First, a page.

14 February 1898

Lots of Love and Sri Wahiguru Ji ki Fateh from Jaimal Singh to my obedient son, Babu Sawan Singh. 

May the Grace and Mercy of the compassionate Lord be upon you all the time. 

Your letter has been received and I am glad to know that you are well and happy. You should write about your leg and your health more frequently. As long as the leg is weak, use the support of a crutch to walk around. This will help it to become normal as before – do not feel any apprehension. 

You write that someone is about to come on a promotion to replace you. It does not matter. No one can take away what is in your destiny. The Lord will give you everything. Do remember to eat the pipal tree gum again for seven days.

Regarding the durbar hall: the building has been constructed to a height of eight feet, and today the framing of the doors has also been started. We have engaged four masons and four carpenters for the job: two of them receive 7 annas a day each, while the other six are paid 6 annas each per day – all of them receive their meals also from us. One deodar log has arrived and now sawing has started. I intend going out today to buy a second 18-foot log. A 112-foot log to provide five beams was also selected for a price of 130 rupees. If more wood is needed, I will buy it after these two pieces have been sawed. I will then write to you about how things are here. We are also employing three labourers at 3 annas each per day.

Your money order of 100 rupees was received today, 14 February. Some of this money has been used to pay for the wood, the remainder is still with me. I have also borrowed another 100 rupees from someone else. The remainder of the 100 rupees from your salary will be spent as you wish. I would like to see the hall completed by Baisakhi1, as it starts to get hot after that time. For the rest, whatever is the will of Hazur will happen.

Listen to the Shabd Dhun every day. I want you to regain normal health within this year. Illness in your household was destined to last for two years; Hazur has reduced it at my supplication. Please do not worry about anything – all will be well with Hazur’s Grace.

May His Grace and Mercy be upon Chanan Singh and Basant Singh. They should do their meditation. When you write to Basant Singh at Rawalpindi, give him my Love and best wishes and tell him to study with his whole heart. Warm regards from Bibi to you, her dear brother; also Bibi’s warm regards to Chanan Singh and Basant Singh. 

Please convey my Love also to Babu Mohan Singh and tell him to listen to the Shabd Dhun every day. Listening to It repeatedly will purify him. Bibi’s best wishes to Babu Mohan Singh.

My son, you should write your letters or postcards more frequently. Also please send the money about which I wrote. If it is available send it immediately, or drop me a line if there is some delay. I also have a lot to do and so have not been able to write this letter properly. Just understand it this way: more precious to me are you, my son, than even the breath of my very own body.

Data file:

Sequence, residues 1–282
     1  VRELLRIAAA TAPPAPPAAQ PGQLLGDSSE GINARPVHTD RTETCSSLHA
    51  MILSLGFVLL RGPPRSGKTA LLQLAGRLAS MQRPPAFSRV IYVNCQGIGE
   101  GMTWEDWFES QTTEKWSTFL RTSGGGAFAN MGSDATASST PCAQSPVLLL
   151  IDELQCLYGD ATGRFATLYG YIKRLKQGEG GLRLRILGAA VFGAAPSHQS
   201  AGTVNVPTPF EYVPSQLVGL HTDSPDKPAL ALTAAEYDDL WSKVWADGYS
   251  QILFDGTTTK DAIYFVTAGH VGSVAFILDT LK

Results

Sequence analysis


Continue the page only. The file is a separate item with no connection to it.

Never again will you have to take a birth. Wherever I am, there you also shall reside with me. I am very pleased with you indeed.

Best wishes from all the Satsangis here to you, Babu Ji. 

14 February 1898


Explanation: 1) A harvest festival celebrated on 13 or 14 April in the North of India. Kirpal Singh explains the historical significance of this festival as follows:

Today is the festival of Basakhi which is celebrated in different ways according to the various religious customs. Nature itself celebrates by sprouting of new buds and leaves, and the new life begins from this season. We should take a lesson from nature and sprout forth with a new life. In the Hindu religion there are ten avatars, and certain Hindus celebrate this day as a double event: the birth of Parshuram, and the overcoming of evil by Narsing Avatar. […]

I congratulate the Buddhists on this day, for the Lord Buddha was born on Basakhi; on Basakhi he received enlightenment and on Basakhi he left his body finally – Nirvana. So both religions have good reason for celebration. For us also it can be a great day, for we are constantly lamenting that we should start life anew; so we should start this new day as the beginning of a new life in which the flowers should blossom and the fruit should come forth. There should be so much fruit on each branch that the weight may bow the fruit to the earth.

This is a great day for Sikhs also. In truth, Sikhism is not a cult; this is what I feel. One poet says that the world changes, and a True Man is he who changes the world. On this day, some three centuries ago, Guru Gobind Singh, the tenth Sikh Guru, started the Khalsa. In those days the people were killing each other in the name of religion, and He started to erase the controversy by forming the Khalsa. A Khalsa is a True Disciple, and on this day the Guru found five True Disciples among His followers and made them leaders of the people.

Satsang –
The Night is a Jungle,
by Kirpal Singh, 1894–1974